If a nation expects to be both ignorant and free, it longs for a civilization that never was and never will be,” Thomas Jefferson
In what will prove to be a most thought provoking talk on the state of the U.S. and it’s “news media” and how America’s news media has managed to confuse people more than truly inform them is being held at Lincoln City’s Driftwood Public Library, Sunday, September 18th. Speaker Jeff Golden, part of the “Oregon Humanities Conversation Project,” will be talking about whether the American news media is still capable of furthering the health of our democracy. Golden will pose the question “If a nation expects to be ignorant and free, it expects to experience what never was and never will be.” A new release from the library poses the thought, “Virtually everyone agrees that the news media’s informational role is essential to effective self-government, but contemporary mass news media rarely offers what we need to function as thoughtful and competent citizens.”
Here’s the rest of their release on what will prove a mind-widening event at the library in Lincoln City.
Driftwood Public Library and The American Association of University Women (AAUW) will each be sponsoring a presentation by scholar Jeff Golden in honor of Constitution Week in September.
On Sunday, September 18th at 3:00 p.m., the library will host Mr. Golden’s presentation “What Never Was and Never Will Be: Can Our Media Serve Our Democracy”. Thomas Jefferson warned his countrymen, “If a nation expects to be ignorant and free in a state of civilization it expects what never was and never will be.” Virtually everyone agrees that the media’s informational role is essential to effective self-government but that mass media news rarely offers what we need to function as thoughtful and competent citizens. Beyond that, agreement often breaks down. Jeff Golden asks us to consider the following: What are the primary failings of contemporary mass media news? What is our responsibility and what are our opportunities to improve prevailing conditions? Do our viewpoints have enough common ground to point to possibilities for effective activism? If we are to heed Jefferson’s warning, how do we focus our time and energies?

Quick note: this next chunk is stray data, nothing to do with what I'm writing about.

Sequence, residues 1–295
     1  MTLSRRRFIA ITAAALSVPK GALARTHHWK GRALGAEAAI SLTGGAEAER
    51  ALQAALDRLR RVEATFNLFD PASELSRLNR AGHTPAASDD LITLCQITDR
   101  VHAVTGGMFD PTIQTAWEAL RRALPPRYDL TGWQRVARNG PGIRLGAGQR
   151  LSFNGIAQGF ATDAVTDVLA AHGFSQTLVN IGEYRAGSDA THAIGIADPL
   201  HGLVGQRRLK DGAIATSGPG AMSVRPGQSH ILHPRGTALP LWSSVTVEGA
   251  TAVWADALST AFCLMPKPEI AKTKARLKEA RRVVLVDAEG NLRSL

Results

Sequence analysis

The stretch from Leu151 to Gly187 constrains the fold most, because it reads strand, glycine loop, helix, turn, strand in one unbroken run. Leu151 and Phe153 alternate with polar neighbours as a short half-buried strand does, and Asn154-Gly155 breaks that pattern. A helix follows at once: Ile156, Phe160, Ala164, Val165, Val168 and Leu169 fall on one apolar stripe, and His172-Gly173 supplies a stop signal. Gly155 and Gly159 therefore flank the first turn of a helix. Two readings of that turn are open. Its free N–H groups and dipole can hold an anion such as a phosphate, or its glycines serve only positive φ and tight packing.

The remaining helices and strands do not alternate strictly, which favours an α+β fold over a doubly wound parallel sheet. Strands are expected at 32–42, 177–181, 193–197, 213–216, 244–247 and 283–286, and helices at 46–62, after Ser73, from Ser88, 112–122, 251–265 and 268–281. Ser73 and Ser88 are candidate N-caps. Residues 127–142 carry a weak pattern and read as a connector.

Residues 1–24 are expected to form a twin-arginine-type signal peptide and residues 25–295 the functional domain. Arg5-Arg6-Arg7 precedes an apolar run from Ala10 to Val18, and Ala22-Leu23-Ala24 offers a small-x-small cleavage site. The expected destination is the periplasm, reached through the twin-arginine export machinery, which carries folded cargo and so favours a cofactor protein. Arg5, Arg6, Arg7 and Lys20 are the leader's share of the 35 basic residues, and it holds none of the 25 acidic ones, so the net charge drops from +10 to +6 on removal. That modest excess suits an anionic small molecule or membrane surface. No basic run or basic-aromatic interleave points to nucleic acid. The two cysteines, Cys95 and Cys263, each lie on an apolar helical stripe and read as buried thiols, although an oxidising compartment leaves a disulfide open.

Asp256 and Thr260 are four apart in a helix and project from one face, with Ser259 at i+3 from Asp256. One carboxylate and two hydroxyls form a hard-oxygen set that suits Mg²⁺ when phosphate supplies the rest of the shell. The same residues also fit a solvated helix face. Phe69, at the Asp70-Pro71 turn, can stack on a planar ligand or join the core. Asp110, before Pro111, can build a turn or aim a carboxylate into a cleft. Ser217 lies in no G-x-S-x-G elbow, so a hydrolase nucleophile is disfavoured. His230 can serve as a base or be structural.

The problem with this country, according to some disenchanted Americans, “is that there are no real leaders anymore.” What we most need, they say, are people of our Founding Fathers’ caliber, or another Abe Lincoln or Franklin Roosevelt to step forward with the courage and wisdom necessary to solve our daunting problems. An opposing point of view holds that in a state or country with free and open elections, people get the government they deserve. Do the failures of modern governance and politics have more to do with a crisis of leadership or a crisis of citizenship? Join AAUW as they host Golden’s conversation “Of the People or For the People: Getting the Government We Deserve” on Monday, September 19th at 6:30 p.m.
Both presentations are part of Oregon Humanities’ “Conversation Project: A New Chautaqua”, a statewide program offering Oregon nonprofits free programs that engage community members in thoughtful, challenging conversations about ideas critical to our daily lives and our state’s future. Conversations are facilitated by some of Oregon’s leading humanities scholars. Both will take place in the Library’s Community Room. Driftwood Public Library is located on the second floor of the Lincoln City Hall building at 801 SW Highway 101 (next to Price and Pride). Any questions should be directed to Ken Hobson. His phone number is 541-996-1242 or he can be reached by e-mail at firstname.lastname@example.org